A focus on leadership at every level will set apart the winners of the future.
Let’s take a look at a few of the top trends that are shaping the global workforce, with input from Deloitte’s latest Global Mobility Trends report.
1/ Moving people to jobs
As the way we work becomes more mobile, it’s time to move beyond traditional career models. Talent will be encouraged to move into new roles, assignments and projects, often across different geographies.
According to Deloitte, 72% of executives think that “the ability of their people to adapt, reskill and assume new roles” is the most or second most important factor to navigate future disruptions.
Aurel Albrecht, CEO at Lano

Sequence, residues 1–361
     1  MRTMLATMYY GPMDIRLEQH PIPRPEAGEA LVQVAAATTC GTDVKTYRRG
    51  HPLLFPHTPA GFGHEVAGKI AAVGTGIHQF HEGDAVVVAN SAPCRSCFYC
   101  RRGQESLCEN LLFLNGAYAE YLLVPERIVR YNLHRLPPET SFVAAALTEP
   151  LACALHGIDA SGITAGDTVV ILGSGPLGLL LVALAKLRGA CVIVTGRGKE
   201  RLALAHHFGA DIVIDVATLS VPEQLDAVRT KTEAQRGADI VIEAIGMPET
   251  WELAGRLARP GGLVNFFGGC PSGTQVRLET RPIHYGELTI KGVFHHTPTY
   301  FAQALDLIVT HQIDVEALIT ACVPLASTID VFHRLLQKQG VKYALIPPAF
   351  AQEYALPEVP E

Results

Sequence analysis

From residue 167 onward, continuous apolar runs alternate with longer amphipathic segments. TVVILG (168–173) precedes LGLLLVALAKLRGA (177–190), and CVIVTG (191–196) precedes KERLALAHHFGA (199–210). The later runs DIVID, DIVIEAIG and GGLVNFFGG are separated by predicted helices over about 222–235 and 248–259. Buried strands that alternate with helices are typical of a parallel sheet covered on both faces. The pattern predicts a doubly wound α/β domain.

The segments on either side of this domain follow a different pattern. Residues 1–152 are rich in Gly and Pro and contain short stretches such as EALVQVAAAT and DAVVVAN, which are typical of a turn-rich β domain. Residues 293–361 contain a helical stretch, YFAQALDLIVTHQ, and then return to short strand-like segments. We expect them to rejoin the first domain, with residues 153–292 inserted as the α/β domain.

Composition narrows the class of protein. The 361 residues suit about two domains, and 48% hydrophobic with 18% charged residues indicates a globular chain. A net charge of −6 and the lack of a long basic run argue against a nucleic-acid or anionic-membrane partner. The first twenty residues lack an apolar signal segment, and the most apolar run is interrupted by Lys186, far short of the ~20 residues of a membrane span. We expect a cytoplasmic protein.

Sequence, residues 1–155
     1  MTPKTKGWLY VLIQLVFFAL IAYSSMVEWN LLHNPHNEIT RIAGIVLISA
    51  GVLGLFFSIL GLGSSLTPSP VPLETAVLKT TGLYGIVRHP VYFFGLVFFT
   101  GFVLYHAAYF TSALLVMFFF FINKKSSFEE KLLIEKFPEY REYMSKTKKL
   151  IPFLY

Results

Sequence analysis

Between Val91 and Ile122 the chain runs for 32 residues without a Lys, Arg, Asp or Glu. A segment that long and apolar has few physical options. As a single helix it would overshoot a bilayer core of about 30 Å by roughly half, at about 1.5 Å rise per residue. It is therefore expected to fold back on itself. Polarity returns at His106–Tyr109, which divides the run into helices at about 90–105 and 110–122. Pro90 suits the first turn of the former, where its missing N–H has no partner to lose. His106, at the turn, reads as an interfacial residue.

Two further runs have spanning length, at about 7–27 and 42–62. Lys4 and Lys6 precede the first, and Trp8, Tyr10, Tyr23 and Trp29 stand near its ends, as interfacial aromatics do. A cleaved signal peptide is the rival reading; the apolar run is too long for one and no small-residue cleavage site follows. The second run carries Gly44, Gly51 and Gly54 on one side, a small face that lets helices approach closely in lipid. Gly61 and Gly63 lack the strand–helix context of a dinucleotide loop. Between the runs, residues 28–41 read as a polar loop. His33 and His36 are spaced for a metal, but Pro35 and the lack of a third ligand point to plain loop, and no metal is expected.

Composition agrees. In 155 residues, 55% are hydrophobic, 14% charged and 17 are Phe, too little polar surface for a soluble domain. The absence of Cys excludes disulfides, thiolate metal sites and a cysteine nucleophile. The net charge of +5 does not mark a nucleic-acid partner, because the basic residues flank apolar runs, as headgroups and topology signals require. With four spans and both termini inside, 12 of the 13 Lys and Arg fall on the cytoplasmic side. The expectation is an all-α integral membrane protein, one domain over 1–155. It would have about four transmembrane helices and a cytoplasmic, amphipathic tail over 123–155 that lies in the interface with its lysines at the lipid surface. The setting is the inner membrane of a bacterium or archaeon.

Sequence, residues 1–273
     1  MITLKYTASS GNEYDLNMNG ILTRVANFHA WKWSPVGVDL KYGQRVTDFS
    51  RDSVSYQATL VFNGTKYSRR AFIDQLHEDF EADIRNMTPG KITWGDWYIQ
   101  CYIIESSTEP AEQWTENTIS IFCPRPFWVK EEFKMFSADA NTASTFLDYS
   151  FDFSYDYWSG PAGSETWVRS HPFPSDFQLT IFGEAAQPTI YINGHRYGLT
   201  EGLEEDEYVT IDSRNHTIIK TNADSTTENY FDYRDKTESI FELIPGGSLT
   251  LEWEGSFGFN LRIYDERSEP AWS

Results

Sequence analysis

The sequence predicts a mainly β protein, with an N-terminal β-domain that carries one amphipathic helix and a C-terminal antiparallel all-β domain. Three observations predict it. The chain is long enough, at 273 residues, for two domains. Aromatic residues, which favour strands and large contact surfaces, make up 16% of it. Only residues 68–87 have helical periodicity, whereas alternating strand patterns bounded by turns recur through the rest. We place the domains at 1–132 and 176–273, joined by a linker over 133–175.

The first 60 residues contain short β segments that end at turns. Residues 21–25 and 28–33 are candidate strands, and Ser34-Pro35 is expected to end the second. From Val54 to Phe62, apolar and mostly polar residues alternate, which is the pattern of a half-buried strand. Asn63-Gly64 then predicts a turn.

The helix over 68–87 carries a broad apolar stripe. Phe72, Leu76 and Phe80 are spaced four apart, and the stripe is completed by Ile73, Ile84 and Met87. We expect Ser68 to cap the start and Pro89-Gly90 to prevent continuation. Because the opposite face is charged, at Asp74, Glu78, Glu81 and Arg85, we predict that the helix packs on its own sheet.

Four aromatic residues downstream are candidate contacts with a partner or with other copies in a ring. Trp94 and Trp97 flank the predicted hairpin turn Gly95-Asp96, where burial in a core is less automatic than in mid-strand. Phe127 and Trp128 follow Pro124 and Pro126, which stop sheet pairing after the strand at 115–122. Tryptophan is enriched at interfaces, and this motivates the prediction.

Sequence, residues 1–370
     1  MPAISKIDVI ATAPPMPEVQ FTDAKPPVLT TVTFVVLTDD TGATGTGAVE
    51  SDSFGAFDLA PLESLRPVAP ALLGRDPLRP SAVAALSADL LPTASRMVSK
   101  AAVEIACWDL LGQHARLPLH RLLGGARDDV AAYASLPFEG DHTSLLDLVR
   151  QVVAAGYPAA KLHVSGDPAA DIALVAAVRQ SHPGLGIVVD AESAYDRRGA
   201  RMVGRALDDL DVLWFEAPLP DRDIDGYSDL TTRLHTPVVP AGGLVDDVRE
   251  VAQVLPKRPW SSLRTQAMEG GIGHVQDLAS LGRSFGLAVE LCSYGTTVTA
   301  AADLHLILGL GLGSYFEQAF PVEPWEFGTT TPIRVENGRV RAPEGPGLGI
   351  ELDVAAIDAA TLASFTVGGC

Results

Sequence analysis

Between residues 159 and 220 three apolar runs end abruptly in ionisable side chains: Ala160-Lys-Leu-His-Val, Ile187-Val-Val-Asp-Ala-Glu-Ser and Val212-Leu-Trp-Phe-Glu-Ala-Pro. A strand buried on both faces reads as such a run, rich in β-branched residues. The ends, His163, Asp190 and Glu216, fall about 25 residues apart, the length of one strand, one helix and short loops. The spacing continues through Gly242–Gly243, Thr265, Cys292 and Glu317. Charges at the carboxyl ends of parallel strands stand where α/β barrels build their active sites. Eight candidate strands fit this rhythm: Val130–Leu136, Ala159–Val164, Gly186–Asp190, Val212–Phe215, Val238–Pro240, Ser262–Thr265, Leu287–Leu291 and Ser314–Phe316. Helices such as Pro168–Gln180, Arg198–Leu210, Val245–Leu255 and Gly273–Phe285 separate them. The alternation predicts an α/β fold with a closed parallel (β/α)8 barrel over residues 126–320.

It’s important for companies to be able to hire remotely. With such competition to find the best professionals on the job market, combined with the shortage of qualified workers, companies around the world are being forced to rethink their strategies.
They often can no longer find qualified employees in their city, region or even country – but they can often quickly find the right candidate in a foreign country. Giving their employees the chance to work from wherever they want is a huge advantage in the race for the best professionals.
2/ Remote working
The demand to work from anywhere will continue. For some, that could mean working on another continent, while others will want to work from home. Offering this flexibility is essential.
In many countries, job vacancies are at record highs and competition for talent is fierce.
So, to recruit and retain the best people, you’ll need to embrace remote and hybrid working and provide equitable relocation policies.